With space at a premium in many cities, some people have developed innovative ways to store bicycles:
Fortunately some cities have responded to the challenge with exceptional ingenuity. Japanese engineers have developed a multi-level “cycle tree” — perhaps more appropriately named a “cycle cave” — that stores bikes in an elaborate underground system. Riders feed their bike into a mechanized rut that sends it down into a designated spot, retrieving the bike later with a simple swipe of a card. One “cycle tree” in Tokyo, considered the world’s largest, holds some 6,500 bikes.
A truer bike tree can be found in Geneva, where riders can watch their bike raised high above the hands of thieves while remaining protected from the elements. In that same anti-theft vein, German designers have created a bike lock with inline wheels and a small motor that enables riders to power their bikes high up a street pole. Seoul, Korea, is working toward a system of bike hangers that cling to the site of residential buildings; riders can park for just $15 a year, though they have to pedal to retrieve their bike. A slightly less advanced version of this concept has been implemented already by some riders in the East Village…
Those who don’t mind cramming their bikes into their apartments have a growing number of options as well. These range from basic wooden wall mounts to simple, cheap wall hooks to stylish, colorful hanging nodes to elegant bike storage furniture that, in the words of Freshome, “unite cycling culture with interior design.” A Times slideshow from a few years back showcases some other space-saving solutions. These include a wall device that lifts bikes off the ground with a hydraulic spring, a freestanding rack made of oak, an incredibly compact and sleek wall hook, and a similar structure that, while bulkier, provides space for helmets and other equipment.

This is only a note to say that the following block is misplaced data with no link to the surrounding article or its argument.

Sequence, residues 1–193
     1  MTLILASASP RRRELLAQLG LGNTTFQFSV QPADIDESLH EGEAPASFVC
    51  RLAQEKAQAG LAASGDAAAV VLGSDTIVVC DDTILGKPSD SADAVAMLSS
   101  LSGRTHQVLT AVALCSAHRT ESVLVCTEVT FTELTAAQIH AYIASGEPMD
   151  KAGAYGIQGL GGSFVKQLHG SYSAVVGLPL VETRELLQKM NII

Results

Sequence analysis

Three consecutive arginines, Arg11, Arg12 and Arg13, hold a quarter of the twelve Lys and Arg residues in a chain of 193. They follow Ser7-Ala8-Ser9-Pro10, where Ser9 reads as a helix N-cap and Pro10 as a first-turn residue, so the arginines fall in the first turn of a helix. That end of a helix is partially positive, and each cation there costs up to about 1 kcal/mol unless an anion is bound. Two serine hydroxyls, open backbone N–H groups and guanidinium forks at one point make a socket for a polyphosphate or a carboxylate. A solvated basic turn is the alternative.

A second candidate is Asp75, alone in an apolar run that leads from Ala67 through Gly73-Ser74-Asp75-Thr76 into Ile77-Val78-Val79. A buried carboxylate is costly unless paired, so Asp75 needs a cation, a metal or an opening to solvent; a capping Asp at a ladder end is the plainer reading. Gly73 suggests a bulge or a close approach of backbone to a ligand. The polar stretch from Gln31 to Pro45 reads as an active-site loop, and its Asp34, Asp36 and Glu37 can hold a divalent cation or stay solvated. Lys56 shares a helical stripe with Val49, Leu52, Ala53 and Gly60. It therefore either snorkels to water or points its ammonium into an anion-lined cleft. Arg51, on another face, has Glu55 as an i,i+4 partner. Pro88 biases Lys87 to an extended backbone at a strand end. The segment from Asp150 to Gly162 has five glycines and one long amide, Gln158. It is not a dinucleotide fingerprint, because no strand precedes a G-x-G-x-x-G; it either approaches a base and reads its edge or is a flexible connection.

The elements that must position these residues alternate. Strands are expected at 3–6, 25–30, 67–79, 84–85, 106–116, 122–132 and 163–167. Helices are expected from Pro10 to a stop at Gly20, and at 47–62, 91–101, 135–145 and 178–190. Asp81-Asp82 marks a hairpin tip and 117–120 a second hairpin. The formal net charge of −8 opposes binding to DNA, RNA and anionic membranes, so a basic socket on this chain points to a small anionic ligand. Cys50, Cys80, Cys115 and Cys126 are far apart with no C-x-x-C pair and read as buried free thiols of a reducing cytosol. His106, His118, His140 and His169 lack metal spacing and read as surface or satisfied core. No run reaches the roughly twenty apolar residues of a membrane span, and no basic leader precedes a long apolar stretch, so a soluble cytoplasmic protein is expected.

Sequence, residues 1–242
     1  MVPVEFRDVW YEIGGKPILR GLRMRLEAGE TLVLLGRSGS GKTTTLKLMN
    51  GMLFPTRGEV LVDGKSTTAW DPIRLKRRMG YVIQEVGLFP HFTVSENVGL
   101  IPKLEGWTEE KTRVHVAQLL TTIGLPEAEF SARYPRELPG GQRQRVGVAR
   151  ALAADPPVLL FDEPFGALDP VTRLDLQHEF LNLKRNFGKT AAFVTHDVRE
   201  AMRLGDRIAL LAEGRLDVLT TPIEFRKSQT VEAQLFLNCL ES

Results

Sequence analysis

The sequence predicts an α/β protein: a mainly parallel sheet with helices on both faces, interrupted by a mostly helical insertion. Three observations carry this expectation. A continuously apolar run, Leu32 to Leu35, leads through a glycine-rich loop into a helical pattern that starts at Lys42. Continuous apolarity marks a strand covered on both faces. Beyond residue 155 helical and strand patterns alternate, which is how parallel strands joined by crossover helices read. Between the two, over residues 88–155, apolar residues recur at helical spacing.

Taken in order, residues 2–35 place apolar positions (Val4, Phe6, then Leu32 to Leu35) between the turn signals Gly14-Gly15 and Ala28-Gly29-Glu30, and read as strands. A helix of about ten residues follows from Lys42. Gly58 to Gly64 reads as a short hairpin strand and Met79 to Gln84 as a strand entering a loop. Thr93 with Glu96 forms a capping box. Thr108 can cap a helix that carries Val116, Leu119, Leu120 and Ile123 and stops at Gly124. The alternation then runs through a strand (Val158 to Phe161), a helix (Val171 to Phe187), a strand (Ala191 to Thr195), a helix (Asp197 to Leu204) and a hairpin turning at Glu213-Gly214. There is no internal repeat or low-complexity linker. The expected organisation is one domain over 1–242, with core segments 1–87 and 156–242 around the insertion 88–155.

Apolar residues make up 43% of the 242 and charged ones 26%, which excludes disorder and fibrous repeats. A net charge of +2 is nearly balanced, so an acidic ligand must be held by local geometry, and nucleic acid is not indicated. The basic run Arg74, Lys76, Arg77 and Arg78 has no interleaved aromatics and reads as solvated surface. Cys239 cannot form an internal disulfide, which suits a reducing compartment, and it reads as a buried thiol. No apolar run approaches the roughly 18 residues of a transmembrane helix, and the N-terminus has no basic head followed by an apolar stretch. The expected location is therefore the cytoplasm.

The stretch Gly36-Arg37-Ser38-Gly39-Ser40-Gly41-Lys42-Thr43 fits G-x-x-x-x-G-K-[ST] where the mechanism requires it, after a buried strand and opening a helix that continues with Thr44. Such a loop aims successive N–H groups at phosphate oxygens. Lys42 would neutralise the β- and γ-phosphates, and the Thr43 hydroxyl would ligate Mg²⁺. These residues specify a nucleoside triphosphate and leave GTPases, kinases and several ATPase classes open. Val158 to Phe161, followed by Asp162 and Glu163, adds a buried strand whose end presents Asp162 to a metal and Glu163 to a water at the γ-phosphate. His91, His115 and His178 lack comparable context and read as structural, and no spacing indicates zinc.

Many city dwellers, conscious of their limited apartment space, are now looking for bike storage devices that serve a double purpose. Knife & Saw recently introduced a hanging bike shelf that also acts as a small bookshelf. Less costly variations are starting to appear as well. Those with a balcony might consider a bike-shelf-birdhouse combination that holds a helmet as easily as it holds a helmetshrike. The most innovative, though perhaps also the least comfortable, design goes to Store Muu Design Studio, which conceived a sort of hybrid bike-desk, wherein the bike seat doubles as the office chair.
Some fascinating pictures to look at. You can even find out a little more about what happened to the foldable bicycle.